TURNER — Selectmen on Monday denied a request from RSU 52 to provide a space to wash school buses, because there are no suitable locations.
The town garage area is locked when no employees are there and the Fire Department area must be kept clear for emergency vehicles, the board explained.
Selectman Denis Richardson got a laugh from board members when he suggested the buses be taken to Leavitt Area High School so students serving detention could wash them.
Selectmen reviewed the Maine Department of Transportation list of proposed improvement projects. Chairman Angelo Terreri and Selectman Ralph Caldwell strongly supported the board's decision to request that the DOT's top priority be to reclassify and repair North Paris Road.
Terreri said the road was a "dangerous high accident rate road." He asked Town Clerk Eva Leavitt to compile accident statistics to send to the MDOT.
"Traffic patterns have changed and now five times as many trailer-trucks use that road as did five years ago," Caldwell said. Deep ruts in the road make it very dangerous, he said.
Selectmen agreed to ask that repair to Upper Street be considered the next highest priority for DOT.
In another matter, Caldwell suggested the town could save $2,500 per year by not testing the water in local swimming holes. He said no one ever took any action on the reports so they were useless.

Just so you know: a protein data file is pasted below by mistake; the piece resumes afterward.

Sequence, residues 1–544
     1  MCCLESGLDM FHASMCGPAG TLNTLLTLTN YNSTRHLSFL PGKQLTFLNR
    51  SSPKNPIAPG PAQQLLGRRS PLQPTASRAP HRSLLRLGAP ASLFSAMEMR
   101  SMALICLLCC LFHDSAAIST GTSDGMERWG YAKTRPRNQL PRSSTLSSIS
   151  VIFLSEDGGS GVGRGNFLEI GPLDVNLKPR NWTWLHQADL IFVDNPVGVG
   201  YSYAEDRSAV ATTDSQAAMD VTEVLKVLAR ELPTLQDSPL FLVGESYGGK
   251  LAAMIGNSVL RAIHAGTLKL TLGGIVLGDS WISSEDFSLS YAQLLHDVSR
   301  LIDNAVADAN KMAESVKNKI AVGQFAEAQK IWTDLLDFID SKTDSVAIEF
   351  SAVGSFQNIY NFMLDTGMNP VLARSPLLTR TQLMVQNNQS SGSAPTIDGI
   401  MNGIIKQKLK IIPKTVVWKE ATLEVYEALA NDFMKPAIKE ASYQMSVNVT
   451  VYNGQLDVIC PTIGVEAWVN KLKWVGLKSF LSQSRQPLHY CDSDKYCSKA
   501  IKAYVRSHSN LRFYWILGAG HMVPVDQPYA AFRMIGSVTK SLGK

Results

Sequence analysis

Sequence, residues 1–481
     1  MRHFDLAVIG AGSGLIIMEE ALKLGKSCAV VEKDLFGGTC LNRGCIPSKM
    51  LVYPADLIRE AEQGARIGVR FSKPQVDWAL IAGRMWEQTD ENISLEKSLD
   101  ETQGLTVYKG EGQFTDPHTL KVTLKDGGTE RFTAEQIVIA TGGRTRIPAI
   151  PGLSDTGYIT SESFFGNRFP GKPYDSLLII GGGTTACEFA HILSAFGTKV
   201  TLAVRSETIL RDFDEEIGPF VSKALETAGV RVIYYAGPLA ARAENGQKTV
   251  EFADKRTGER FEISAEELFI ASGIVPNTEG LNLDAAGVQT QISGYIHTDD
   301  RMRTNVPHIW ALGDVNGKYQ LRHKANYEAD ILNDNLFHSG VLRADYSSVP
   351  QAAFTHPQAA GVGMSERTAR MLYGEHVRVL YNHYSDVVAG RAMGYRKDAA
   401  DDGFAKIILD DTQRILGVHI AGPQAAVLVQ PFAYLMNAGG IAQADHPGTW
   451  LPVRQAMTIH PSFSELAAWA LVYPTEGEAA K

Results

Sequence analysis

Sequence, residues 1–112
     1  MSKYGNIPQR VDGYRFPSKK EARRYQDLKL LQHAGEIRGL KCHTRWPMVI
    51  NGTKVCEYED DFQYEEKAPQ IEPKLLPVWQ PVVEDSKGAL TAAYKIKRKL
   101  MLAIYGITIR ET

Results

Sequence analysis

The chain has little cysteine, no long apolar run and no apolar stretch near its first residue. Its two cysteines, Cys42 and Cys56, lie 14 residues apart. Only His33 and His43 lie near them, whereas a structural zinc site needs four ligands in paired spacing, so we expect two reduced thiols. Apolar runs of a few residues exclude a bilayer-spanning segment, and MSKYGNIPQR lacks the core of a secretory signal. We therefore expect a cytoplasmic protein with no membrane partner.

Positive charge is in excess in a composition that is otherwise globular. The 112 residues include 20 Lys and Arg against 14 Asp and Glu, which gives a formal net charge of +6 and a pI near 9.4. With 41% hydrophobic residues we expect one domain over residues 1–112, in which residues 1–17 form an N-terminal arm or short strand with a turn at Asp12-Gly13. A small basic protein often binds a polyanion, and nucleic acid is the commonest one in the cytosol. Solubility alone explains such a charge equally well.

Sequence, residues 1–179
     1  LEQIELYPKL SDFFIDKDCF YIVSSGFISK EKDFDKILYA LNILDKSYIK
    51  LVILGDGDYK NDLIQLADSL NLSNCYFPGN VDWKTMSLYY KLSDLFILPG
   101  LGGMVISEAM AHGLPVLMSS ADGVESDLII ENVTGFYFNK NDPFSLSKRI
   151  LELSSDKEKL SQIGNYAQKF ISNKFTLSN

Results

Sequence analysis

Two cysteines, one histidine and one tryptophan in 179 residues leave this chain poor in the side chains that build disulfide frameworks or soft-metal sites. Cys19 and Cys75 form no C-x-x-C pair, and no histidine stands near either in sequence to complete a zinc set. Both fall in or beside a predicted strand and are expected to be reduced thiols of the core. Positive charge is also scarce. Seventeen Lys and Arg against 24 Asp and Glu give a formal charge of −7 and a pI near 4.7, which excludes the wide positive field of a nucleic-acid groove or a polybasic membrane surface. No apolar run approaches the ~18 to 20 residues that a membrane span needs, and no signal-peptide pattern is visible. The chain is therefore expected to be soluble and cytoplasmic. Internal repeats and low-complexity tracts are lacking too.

Richardson convinced the board to continue testing by sharing his boyhood experience. He said he spent a week in the hospital fighting an infection he caught from swimming in a local pond. His hospital bill was $45,000. He said a young girl had an even worse experience with the infection.
The contamination came from a chicken house that was built too close to the water, and at that time there were no water tests to detect the contamination, he said.
The board also did considerable work reviewing job descriptions for the town manager and Public Works director. They adopted Terreri's suggestion that the name of the documents be changed to Job Guidelines.
He said that since the details of the jobs were spelled out by town policies, there was no need to get into great detail with job descriptions.
They agreed that the town manager's job was largely controlled by state regulations. They also agreed that the new position of Public Works director, if it is approved by the voters, should work closely with the town manager but was to report to the board.
Annual town reports were mailed Tuesday. Annual elections are Friday, April 13, from 1 to 7 p.m. in the Municipal Office Building. The annual town meeting will be at 9 a.m. Saturday, April 14, in the Leavitt Area High School cafeteria.